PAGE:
Tech Companies Bet on Las Vegas - Monday 6th of February 2006
LAS VEGAS For Internet retailer Zappos.com, moving to Las Vegas in 2004 was good for business.
Yet Nick Swinmurn, a founder of the online shoe store, sometimes runs into trouble hiring employees from other cities.
Swinmurn recently hosted two high-level tech workers from outside Nevada. They were interested in the business opportunities here, but their spouses weren't warm to the idea of relocating to Sin City.
"Their wives' only perception of Las Vegas is that it's where their husbands go for bachelor parties," Swinmurn said.
But a weekend driving the couples around the suburbs and showing them life off the Strip helped Swinmurn seal the deal. The two prospects are moving to Las Vegas in March to join Zappos.com.
Swinmurn's remarks were part of Technology Summit 2006, a Technology Business Alliance of Nevada event designed to explore the state of economic diversification into high-tech fields. Six speakers from the worlds of government, technology and economic development shared their experiences with a crowd of about 300 at the Four Seasons Hotel on Wednesday. Their overall message: Nevada has much to offer companies in the technology sector, but a few improvements could bolster the state's reputation in tech-related fields.
Though Swinmurn said selling Las Vegas to outsiders remains an obstacle for his company, he mostly praised the area's business climate.
Zappos.com moved its corporate headquarters and call center from San Francisco to Las Vegas in 2004 for a multitude of reasons, including lower taxes, more affordable workman's comp insurance and easier commutes. Plus, Las Vegas has a pool of "career" call-center workers employees who see customer service as a long-term pursuit rather than a stepping stone to a higher position, Swinmurn said. More affordable housing and more available office space near McCarran International Airport helped seal the deal.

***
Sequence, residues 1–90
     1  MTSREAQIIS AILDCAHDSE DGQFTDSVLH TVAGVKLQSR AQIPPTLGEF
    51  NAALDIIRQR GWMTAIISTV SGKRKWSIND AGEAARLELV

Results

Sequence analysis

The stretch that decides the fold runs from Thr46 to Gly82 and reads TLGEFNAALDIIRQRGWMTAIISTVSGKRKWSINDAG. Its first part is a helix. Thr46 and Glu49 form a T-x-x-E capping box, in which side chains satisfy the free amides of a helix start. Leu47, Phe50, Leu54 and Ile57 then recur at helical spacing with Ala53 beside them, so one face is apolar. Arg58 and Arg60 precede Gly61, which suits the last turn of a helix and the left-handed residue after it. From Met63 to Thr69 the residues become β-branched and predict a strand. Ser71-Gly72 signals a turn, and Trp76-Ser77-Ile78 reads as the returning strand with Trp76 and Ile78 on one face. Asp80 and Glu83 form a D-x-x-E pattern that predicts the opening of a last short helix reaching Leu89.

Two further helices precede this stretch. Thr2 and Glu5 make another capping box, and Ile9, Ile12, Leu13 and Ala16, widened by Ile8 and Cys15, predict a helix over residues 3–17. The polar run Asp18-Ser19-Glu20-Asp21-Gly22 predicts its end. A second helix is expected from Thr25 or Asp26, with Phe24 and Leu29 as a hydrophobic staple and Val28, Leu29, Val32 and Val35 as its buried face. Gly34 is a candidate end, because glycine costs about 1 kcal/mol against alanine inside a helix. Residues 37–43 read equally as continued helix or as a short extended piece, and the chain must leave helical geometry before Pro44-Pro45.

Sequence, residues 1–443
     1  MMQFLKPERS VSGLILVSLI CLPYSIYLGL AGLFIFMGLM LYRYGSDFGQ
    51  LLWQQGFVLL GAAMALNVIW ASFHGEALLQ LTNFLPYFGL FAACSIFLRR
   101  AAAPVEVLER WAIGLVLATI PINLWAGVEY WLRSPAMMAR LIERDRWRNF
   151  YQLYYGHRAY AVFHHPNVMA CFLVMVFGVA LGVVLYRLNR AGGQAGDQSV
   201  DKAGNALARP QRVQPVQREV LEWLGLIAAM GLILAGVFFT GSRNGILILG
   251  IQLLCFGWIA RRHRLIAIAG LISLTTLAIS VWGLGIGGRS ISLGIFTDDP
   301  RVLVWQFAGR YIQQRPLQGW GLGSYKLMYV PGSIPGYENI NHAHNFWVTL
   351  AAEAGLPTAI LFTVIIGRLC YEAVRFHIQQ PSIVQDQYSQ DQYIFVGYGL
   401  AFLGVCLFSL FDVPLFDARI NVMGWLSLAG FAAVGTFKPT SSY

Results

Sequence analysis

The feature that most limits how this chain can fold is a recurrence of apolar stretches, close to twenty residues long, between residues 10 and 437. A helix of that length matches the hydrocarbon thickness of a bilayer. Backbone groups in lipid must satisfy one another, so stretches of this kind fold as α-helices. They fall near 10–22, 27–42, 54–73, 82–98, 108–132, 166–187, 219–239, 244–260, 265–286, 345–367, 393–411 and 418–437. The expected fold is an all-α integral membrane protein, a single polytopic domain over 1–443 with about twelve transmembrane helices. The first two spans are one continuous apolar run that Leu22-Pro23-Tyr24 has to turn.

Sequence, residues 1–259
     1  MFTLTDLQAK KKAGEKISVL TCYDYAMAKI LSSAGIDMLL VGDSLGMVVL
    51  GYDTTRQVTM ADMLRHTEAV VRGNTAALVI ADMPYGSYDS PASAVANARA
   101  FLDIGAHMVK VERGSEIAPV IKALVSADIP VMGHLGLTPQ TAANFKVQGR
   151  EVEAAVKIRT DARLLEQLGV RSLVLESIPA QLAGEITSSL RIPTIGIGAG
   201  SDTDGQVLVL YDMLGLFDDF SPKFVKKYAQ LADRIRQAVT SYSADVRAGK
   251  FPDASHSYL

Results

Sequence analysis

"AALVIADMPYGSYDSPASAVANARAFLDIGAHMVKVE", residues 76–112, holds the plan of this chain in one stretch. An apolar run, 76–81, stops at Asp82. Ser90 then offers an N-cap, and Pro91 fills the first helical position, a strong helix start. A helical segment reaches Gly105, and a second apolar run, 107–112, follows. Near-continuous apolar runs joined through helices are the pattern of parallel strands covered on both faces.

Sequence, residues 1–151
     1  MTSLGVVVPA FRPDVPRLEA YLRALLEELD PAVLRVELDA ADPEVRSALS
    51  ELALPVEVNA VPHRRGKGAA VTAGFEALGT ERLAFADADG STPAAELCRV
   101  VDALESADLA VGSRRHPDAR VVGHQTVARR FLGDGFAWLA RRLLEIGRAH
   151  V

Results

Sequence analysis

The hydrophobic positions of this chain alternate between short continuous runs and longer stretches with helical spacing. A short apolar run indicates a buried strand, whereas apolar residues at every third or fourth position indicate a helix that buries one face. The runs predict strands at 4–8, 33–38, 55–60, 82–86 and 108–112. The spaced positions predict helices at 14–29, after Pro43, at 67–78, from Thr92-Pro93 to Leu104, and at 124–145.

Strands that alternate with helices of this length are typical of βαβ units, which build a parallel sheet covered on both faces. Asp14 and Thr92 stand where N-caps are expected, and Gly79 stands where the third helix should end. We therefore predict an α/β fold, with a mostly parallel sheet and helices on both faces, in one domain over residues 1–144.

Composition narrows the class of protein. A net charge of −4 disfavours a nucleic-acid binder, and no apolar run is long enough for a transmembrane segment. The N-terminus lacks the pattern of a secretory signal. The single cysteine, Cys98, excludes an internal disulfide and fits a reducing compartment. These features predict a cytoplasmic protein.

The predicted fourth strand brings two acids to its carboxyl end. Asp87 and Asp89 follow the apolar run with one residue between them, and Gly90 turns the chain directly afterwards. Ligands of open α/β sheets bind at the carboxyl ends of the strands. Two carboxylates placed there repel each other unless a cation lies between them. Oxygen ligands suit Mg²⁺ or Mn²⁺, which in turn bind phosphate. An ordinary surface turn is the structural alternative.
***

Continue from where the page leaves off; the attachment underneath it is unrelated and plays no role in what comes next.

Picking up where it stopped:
But Swinmurn, who said his company will do $600 million in gross sales this year, advised local officials and businesspeople to concentrate more on promoting Las Vegas as a suitable place for businesspeople to live.
"Any business move is also a personal move," Swinmurn said. "It's a tough sell for out-of-state people. All they hear about is the Strip. We need to spread the word that Las Vegas is like any other city. It has neighborhoods and things to do off the Strip."
Swinmurn said a citywide shortage of qualified senior managers and engineers has also affected his company, though he said that problem could solve itself as Las Vegas grows and more businesses move to the area.
Executives of Mobile Productivity also settled on Southern Nevada after considering other locations for the company's corporate headquarters. In 2003, entrepreneurs from Southern California established Mobile Productivity, an auto-repair software and database developer, in Orem, Utah.
Cities in both California and Utah were on the headquarters' short list, along with Las Vegas. Las Vegas won out, and in 2004, the company's 95-employee headquarters and customer-service center opened on Sunset Road near McCarran.
"The truth is, Southern California is a horrible place to do business," said Bob Pringle, executive vice president and chief financial officer of Mobile Productivity, which venture-capital giant Warburg Pincus has funded. "It's a lovely place to live, but it's very hard to navigate business issues there."